Chinese and Indian drug makers have taken over much of the global trade in medicines and now manufacture more than 80 percent of the active ingredients in drugs sold worldwide. But they had never been able to copy the complex and expensive biotech medicines increasingly used to treat cancer, diabetes and other diseases in rich nations like the United States — until now.
These generic drug companies say they are on the verge of selling cheaper copies of such huge sellers as Herceptin for breast cancer, Avastin for colon cancer, Rituxan for non-Hodgkin’s lymphoma and Enbrel for rheumatoid arthritis. Their entry into the market in the next year — made possible by hundreds of millions of dollars invested in biotechnology plants — could not only transform the care of patients in much of the world but also ignite a counterattack by major pharmaceutical companies and diplomats from richer countries.
Already, the Obama administration has been trying to stop an effort by poorer nations to strike a new international bargain that would allow them to get around patent rights and import cheaper Indian and Chinese knock-off drugs for cancer and other diseases, as they did to fight AIDS. The debate turns on whether diseases like cancer can be characterized as emergencies, or “epidemics.”
Rich nations and the pharmaceutical industry agreed 10 years ago to give up patent rights and the profits that come with them in the face of an AIDS pandemic that threatened to depopulate much of Africa, but they see deaths from cancer, diabetes and other noncommunicable diseases as less of an emergency and, in some cases, the inevitable consequence of better and longer living.
The debate has intensified in recent weeks, before world leaders gather at the United Nations on Monday and Tuesday to confront surging deaths from noncommunicable diseases, which cause two-thirds of all deaths. It is only the second global health issue that the United Nations General Assembly has deemed urgent enough to call a meeting to discuss.
Participants in the negotiations, which include nongovernmental organizations, described the Obama administration’s position on the issue and provided e-mails from European diplomats that laid out the American stance, which has been adopted in the agreement’s working draft. Although the draft agreement for this week’s meeting at the United Nations offers no support for poor nations seeking freer patent rules to fight cancer and other noncommunicable diseases, their advocates have vowed to continue fighting to loosen those restrictions not only this week in New York but in continuing international trade negotiations around the world as well.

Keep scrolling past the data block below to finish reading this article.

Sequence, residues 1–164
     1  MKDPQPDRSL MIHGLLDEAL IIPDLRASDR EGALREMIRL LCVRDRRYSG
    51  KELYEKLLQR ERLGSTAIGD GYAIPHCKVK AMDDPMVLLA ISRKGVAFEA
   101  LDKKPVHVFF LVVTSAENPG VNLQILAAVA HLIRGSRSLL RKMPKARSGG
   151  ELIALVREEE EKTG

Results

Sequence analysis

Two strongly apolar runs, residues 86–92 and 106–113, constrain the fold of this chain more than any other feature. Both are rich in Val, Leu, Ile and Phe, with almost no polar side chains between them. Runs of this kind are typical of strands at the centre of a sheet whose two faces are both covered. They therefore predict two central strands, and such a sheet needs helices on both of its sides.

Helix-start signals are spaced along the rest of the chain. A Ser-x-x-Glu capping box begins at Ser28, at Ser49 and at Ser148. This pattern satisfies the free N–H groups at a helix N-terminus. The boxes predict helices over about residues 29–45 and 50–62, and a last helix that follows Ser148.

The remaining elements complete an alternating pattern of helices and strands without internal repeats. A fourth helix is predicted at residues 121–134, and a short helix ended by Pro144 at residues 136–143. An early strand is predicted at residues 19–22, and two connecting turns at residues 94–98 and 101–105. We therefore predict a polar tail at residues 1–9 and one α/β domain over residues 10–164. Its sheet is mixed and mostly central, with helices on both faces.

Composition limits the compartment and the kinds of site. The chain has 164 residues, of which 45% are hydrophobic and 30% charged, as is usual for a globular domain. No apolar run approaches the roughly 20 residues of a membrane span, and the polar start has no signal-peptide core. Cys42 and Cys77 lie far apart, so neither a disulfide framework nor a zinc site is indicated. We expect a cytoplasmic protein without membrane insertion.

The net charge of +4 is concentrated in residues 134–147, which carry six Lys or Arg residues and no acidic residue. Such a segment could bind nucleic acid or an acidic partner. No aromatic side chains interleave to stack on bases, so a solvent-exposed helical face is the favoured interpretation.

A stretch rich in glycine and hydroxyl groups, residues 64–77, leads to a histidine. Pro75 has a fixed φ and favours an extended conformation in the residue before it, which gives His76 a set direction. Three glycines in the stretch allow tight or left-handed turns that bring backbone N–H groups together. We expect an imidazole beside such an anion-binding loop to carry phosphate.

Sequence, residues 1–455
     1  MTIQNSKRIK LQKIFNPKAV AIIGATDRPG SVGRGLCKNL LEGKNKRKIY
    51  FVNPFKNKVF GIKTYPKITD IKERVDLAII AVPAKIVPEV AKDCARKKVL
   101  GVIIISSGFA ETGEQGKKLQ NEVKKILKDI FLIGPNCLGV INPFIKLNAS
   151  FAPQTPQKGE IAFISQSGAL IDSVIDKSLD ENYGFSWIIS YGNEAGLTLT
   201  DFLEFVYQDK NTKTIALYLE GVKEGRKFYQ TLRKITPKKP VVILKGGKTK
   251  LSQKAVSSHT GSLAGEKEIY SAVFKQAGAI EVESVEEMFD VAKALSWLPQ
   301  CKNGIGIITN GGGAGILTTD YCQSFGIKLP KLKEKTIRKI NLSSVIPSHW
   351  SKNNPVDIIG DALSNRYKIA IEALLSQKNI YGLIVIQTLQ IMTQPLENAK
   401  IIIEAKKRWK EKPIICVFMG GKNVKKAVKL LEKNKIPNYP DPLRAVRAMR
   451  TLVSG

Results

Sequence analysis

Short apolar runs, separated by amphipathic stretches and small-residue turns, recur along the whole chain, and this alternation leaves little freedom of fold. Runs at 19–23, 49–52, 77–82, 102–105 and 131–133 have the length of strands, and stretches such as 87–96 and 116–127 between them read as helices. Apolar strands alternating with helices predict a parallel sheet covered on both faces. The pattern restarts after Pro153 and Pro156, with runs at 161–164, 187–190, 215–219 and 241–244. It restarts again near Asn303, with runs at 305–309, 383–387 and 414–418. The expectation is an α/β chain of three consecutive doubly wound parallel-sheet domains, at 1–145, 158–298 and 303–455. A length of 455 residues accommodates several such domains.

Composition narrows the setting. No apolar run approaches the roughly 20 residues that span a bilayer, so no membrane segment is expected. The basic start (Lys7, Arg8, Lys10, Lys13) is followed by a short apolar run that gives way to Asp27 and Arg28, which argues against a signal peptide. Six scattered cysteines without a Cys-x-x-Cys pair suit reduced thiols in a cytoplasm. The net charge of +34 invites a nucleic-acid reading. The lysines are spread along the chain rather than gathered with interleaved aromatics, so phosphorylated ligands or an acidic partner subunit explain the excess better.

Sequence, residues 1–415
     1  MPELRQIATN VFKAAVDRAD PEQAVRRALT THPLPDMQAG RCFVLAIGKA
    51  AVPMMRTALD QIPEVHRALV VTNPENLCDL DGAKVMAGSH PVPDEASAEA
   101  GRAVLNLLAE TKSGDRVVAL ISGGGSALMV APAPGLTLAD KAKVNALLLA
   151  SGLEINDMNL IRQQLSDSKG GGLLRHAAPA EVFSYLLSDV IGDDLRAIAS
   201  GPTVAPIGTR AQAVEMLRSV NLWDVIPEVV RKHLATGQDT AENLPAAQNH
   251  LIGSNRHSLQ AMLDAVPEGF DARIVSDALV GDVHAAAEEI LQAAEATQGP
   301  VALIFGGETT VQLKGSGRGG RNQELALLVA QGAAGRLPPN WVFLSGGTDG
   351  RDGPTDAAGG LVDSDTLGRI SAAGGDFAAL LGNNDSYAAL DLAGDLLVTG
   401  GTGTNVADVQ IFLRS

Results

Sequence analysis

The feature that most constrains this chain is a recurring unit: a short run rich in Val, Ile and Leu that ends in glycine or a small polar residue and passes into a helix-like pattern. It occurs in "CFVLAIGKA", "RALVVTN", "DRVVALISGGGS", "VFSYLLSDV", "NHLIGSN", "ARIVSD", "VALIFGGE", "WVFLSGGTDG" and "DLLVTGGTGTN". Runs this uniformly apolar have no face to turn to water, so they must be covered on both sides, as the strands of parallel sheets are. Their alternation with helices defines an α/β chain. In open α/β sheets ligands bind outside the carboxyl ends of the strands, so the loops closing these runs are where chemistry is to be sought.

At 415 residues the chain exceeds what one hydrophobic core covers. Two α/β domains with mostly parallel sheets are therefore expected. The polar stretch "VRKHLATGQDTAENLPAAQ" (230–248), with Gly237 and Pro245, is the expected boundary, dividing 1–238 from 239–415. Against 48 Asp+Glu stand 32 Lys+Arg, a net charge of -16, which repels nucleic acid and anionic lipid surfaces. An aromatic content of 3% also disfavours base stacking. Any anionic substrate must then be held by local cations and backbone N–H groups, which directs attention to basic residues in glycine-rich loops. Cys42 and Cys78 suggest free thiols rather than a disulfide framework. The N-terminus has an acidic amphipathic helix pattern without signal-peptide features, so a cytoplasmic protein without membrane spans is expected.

United States officials repeatedly declined to explain the American position, though Mark Toner, a State Department spokesman, said Friday, “Regardless of what you call it, this is clearly such a pressing challenge globally that world leaders are gathering in New York next week to discuss ways to confront this threat.”
The United States government has a long history of pushing for strong patent protections in international trade and other agreements to protect important domestic industries like pharmaceuticals and ensure continued incentives for further inventions. The new biotech copycats are likely to stir sharp debate among advocates for the poor. Already, some contend that the billions spent to treat AIDS have crowded out cheap and simple solutions to other afflictions of poverty, like childhood diarrhea. The copycats will be less expensive than the originals, but they will never be cheap. It is unlikely that many African nations will be able to afford such a costly medicine for breast cancer, when far cheaper ones for colon and testicular cancer are going wanting.
Dr. Yusuf K. Hamied, chairman of the Indian drug giant Cipla Ltd., electrified the global health community a decade ago when he said he could produce cocktails of AIDS medicines for $1 per day — a fraction of the price charged by branded pharmaceutical companies. That price has since fallen to 20 cents per day, and more than six million people in the developing world now receive treatment, up from little more than 2,000 in 2001. Dr. Hamied said in a telephone interview last week that he and a Chinese partner, BioMab, had together invested $165 million to build plants in India and China to produce at least a dozen biotech medicines. Other Indian companies have also built such plants. Since these medicines are made with genetically engineered bacteria, they must be tested extensively in patients before sale. Once those tests are complete, Dr. Hamied promised to sell the drugs at a third of their usual prices, which typically cost tens of thousands of dollars for a course of treatment. “And once we recover our costs, our prices will fall further,” he said. “A lot further.”